Date of Award


Document Type


Degree Name

Master of Arts (MA)



First Advisor

Lynn A. Botelho, Ph.D.

Second Advisor

Steven Schroeder, Ph.D.

Third Advisor

Irene Kabala, Ph.D.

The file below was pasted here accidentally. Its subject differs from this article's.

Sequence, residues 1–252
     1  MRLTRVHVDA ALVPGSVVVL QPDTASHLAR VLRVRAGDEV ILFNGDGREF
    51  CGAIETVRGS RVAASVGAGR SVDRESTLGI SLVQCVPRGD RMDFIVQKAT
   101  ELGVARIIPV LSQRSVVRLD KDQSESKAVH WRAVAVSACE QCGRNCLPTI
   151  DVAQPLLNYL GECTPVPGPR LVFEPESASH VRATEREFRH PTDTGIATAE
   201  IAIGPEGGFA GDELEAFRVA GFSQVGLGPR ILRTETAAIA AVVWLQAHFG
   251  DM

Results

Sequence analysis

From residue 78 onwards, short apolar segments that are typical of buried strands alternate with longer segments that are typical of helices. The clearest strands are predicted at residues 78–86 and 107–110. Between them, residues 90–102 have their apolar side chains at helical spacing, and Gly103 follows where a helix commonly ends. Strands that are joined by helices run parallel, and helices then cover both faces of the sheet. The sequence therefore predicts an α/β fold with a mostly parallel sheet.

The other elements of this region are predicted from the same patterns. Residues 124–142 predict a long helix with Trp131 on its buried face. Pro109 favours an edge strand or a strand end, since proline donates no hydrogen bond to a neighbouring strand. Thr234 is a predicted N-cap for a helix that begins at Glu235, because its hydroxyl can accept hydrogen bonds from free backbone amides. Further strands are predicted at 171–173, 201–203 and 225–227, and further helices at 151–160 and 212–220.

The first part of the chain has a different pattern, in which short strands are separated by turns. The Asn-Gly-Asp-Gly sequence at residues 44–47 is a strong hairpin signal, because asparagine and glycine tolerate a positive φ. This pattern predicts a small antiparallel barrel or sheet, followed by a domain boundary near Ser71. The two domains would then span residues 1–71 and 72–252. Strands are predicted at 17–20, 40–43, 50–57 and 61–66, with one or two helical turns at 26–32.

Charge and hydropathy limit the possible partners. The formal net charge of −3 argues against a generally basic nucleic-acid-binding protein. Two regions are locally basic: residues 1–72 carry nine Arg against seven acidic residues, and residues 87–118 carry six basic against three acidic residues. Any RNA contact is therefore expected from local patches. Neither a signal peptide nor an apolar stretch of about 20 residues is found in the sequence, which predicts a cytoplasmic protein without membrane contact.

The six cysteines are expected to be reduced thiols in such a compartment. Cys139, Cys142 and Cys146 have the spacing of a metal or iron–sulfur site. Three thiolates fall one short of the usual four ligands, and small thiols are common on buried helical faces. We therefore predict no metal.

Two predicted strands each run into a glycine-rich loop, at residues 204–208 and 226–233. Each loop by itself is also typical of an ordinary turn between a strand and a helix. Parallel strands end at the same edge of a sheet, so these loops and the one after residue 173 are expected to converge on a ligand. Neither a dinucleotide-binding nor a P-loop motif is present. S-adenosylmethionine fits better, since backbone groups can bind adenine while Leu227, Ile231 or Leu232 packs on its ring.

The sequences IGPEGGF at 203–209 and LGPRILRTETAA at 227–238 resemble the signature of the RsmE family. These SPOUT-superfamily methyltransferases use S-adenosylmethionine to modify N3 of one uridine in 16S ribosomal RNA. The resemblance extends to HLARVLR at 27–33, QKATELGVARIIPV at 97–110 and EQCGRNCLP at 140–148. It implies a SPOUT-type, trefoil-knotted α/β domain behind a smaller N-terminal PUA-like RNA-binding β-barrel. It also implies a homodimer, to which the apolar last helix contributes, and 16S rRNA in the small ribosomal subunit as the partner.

This research focused on Richard Daye's 1581 publication of A Booke of Christian Prayers, an overtly Protestant document. Specifically, this study looked at how images were used as an educational tool in prescriptive literature. The illustrations in the danse macabre of A Booke of Christian Prayers reflected and reinforced changes to the English religious culture surrounding death and the dead. Printers utilized such images of death to teach viewers about how good Christians should live. The danse macabre instructed sixteenth-century people on the importance immediate and sustained preparation in order to have a good Protestant death. A numerical analysis of the social standing, age, and gender of the danse macabre figures revealed that Daye printed A Booke of Christian Prayers for men who occupied professional and middling positions. Such imagery instructed Christians to quickly incorporate these changes into daily practice because Death could appear at anytime to anyone.